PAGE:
Low-dose CT screening yields high detection of lung nodules in never smokers
Low-dose chest CT screening resulted in “notable detection” of lung nodules among never smokers, researchers reported in the European Respiratory Journal.
“Although lung cancer screening using low-dose computed tomography is now widely used in clinical practice, the characteristics and outcomes of diagnostic procedures related to screen-detected nodules in never smokers remains unclear,” Yeon Wook Kim, MD, of the division of pulmonary and critical care medicine in the department of internal medicine at Seoul National University College of Medicine and Seoul National University Bundang Hospital in Seongnam, South Korea, and colleagues wrote.
The researchers conducted a study to determine the incidence of lung nodules considered for invasive therapy and also to evaluate final diagnoses and complications in never smokers compared with ever smokers after low-dose CT screening.
The retrospective, hospital-based cohort study included 37,436 asymptomatic adults (17,968 never smokers and 19,468 ever smokers) who underwent low-dose chest CT screening for lung cancer in South Korea from 2009 to 2018.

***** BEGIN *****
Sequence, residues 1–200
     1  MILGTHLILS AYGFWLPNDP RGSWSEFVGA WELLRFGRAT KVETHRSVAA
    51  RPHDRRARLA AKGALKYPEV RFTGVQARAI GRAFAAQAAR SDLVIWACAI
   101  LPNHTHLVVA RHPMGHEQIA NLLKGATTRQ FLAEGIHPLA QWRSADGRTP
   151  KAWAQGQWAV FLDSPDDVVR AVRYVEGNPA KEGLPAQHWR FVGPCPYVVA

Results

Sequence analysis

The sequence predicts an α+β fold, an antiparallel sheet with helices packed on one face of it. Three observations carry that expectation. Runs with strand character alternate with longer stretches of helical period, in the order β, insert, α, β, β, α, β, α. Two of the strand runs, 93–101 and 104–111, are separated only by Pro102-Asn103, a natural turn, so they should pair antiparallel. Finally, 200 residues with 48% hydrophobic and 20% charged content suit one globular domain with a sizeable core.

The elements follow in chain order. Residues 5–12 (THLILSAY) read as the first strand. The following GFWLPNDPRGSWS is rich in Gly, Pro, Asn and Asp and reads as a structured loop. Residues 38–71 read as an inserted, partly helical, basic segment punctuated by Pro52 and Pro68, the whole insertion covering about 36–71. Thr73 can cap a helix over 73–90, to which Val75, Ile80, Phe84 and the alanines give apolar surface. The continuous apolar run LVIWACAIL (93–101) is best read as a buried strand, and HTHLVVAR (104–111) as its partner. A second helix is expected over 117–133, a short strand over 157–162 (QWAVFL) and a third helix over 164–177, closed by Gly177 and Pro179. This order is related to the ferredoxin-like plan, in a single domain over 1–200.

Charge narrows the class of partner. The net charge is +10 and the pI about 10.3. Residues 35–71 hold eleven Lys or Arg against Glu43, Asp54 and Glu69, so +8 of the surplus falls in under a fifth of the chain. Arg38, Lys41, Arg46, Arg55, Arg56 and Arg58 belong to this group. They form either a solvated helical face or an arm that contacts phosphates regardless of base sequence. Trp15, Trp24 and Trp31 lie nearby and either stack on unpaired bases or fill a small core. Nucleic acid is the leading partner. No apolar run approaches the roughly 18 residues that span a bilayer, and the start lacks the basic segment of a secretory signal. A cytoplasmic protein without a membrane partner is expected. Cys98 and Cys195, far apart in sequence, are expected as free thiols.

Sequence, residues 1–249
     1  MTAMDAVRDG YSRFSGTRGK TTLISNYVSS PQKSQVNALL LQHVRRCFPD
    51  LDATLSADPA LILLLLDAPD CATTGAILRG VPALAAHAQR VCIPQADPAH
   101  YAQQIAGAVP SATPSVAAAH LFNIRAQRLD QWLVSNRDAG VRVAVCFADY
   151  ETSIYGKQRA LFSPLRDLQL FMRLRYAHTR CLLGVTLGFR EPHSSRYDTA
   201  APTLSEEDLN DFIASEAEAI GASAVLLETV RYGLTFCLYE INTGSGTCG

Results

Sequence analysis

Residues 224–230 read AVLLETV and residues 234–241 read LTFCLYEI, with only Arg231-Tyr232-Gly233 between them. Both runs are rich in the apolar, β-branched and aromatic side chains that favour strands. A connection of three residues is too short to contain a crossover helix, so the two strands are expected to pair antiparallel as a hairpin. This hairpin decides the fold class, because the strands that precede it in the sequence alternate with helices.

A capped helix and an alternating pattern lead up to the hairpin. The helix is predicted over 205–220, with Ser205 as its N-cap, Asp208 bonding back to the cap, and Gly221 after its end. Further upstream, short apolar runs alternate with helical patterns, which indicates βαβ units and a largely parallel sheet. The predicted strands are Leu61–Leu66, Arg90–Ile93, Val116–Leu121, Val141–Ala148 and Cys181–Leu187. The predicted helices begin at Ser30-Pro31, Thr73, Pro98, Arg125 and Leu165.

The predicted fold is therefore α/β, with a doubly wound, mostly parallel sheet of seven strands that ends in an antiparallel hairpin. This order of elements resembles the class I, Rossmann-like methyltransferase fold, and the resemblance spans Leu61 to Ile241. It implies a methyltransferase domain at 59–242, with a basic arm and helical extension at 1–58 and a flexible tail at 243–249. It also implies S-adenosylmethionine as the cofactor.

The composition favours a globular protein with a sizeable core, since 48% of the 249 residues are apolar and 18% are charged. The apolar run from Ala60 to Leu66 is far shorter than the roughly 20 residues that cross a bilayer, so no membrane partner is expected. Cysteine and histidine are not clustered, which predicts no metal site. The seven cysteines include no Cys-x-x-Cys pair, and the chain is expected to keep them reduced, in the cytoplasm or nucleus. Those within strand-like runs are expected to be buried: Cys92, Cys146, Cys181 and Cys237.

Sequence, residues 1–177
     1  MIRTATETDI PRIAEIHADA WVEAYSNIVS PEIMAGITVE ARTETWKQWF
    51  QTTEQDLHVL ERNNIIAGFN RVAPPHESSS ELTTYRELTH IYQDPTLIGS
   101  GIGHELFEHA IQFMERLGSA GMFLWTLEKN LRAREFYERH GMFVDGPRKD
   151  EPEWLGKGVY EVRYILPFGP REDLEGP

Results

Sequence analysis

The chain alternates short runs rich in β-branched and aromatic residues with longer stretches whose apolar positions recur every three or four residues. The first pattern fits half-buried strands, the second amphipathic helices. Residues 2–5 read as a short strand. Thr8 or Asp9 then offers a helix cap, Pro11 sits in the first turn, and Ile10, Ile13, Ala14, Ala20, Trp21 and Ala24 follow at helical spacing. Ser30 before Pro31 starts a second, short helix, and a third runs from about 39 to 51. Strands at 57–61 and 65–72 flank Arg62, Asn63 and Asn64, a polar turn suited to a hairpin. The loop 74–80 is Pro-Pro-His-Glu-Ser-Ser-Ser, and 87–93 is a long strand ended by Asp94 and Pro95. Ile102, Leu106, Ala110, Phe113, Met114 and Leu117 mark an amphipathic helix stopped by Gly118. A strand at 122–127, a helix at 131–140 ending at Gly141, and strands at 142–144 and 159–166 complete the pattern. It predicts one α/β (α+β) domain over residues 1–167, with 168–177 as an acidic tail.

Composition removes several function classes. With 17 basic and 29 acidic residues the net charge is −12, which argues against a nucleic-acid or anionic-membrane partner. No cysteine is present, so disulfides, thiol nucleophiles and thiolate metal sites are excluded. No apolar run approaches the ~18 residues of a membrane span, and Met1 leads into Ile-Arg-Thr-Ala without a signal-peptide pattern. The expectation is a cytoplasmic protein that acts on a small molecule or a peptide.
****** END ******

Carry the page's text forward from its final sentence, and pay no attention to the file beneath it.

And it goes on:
Positive lung nodules were detected in 16.2% of never smokers. In total, 0.77% of never smokers and 1% of ever smokers underwent invasive biopsy (P = .022), the researchers reported.
A lung cancer diagnosis was made in 0.47% of never smokers and 0.63% of ever smokers (P = .032).
After invasive biopsy, 0.28% of 17,968 never smokers and 0.35% of 19,468 ever smokers were diagnosed with benign disease (P = .191), according to the study.
Researchers observed no significant association between smoking and risk for a false-positive lung cancer diagnosis (OR = 0.98; 95% CI, 0.62-1.57) and related complications (OR = 1.33; 95% CI, 0.65-3.73) after biopsy.
Of 84 never smokers diagnosed with lung cancer, 97.6% had adenocarcinoma and 89.3% were in stage I with a favorable prognosis, the researchers wrote.
“Our results indicate that nodules detected in never smokers should not be underestimated and emphasize the need for careful follow-up and relevant decision-making process regarding the need for invasive diagnosis,” the researchers wrote.
According to the researchers, although the lung cancer detection rate was lower among never smokers, the related complication rates and false-positive rates were comparable to ever smokers.
“Our results indicate the need for a specifically tailored strategy for the management of screen-detected nodules in Asian never smokers,” the researchers wrote.